The release, after three years, of Attorney-General George Brandis’ diary might be the biggest anti-climax in Australian political history.
The normal processing time for a freedom of information request is 30 days; the Brandis diary saga took well over a thousand days and cost tens of thousands of dollars in court time and taxpayer-funded lawyers to fight the case in the AAT and two levels of court. Six months since the last court decision, and just as Labor was preparing to take the nation’s highest law officer back to court for contempt of court proceedings, Brandis quietly handed over his diary to shadow attorney-general Mark Dreyfus over the weekend. Dreyfus’ office released it to some media outlets on Sunday night.
The 34 pages of Outlook diary entries spanning from the time of the 2013 election to the week before the deeply unpopular 2014 budget are heavily redacted for irrelevant data, personal data such as mobile numbers, and for public safety reasons. Brandis’ chief of staff, James Lambie, cushioned the release of the document and the subsequent response from Labor that it proved Brandis had failed to meet with community legal centres before gutting their funding in the budget by stating that the diary was not a complete document. Spontaneous meetings, meetings organised by Brandis himself and telephone meetings were not recorded, according to Lambie.
The resulting document is 34 pages of generally what you would expect the AG to do in his first three months in government. In addition to the regular sitting week schedule — estimates hearings, question time, cabinet meetings (with sandwiches) — there are regular warrant signings, meetings with his department and his counterparts in the states, and his full schedule of his first trip to the United States, including meetings with FBI director James Comey and then-head of the CIA John Brennan.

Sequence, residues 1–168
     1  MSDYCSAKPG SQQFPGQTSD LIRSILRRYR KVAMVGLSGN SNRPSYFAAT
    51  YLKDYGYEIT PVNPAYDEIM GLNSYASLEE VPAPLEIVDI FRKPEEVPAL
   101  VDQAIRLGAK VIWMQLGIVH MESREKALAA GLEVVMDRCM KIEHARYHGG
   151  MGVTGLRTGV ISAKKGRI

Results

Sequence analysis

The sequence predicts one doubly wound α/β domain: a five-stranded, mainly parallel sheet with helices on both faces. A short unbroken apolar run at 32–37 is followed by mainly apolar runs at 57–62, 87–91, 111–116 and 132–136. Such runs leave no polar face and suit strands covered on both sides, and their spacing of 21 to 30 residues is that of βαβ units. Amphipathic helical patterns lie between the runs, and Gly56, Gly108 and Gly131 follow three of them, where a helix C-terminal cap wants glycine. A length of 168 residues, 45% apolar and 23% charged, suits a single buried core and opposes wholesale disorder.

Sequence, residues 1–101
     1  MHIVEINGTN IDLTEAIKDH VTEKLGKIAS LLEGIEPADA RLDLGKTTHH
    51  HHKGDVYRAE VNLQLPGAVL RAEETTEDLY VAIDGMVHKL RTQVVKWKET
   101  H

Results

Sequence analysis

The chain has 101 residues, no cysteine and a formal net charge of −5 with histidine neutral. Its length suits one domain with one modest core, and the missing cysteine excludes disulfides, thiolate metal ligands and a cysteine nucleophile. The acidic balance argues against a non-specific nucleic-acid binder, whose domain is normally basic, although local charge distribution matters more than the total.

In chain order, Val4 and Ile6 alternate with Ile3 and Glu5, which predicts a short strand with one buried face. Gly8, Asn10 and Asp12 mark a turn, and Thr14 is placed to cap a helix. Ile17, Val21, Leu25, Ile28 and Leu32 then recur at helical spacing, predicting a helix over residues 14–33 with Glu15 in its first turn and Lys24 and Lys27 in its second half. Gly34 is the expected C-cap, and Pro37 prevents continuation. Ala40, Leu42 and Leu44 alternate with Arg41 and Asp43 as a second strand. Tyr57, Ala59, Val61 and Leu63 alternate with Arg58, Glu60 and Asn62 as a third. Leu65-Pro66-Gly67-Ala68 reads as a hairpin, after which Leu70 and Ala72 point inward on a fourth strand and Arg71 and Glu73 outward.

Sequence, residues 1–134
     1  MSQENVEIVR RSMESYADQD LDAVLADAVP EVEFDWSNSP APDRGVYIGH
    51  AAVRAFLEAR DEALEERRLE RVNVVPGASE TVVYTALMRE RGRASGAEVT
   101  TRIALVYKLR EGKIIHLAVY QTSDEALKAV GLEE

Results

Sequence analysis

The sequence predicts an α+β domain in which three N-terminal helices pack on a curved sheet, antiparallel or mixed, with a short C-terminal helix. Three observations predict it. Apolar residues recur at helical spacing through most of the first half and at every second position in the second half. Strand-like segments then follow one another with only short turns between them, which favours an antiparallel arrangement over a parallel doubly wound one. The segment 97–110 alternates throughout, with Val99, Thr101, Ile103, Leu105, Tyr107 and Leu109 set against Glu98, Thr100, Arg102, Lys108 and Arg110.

As arts minister, Brandis also regularly attended arts-related events, including seeing a performance of Hamlet, attending the ARIA Awards, and dinners at the Art Gallery of New South Wales. Coincidentally, the release of Brandis’ diary comes as the new Arts Minister Mitch Fifield, gutted Brandis’ “vanity project”, the Catalyst arts funding program, of $80.2 million and returned the funding to the Australia Council.
There had been speculation that Brandis might seek to avoid releasing his diary until his expected departure from the ministry and Parliament later this year. Last week, Brandis said on Sky that persistent rumours of him going to London were “old gossip” . In the same interview, Brandis tried to claim he had no oversight over the FOI process for his diary, but his chief of staff was the officer charged with processing the request. The full (redacted) diary can be read here.
Prime Minister Malcolm Turnbull and Fifield have taken The Australian and Crikey, respectively, to the Administrative Appeals Tribunal seeking to avoid handing over their diaries.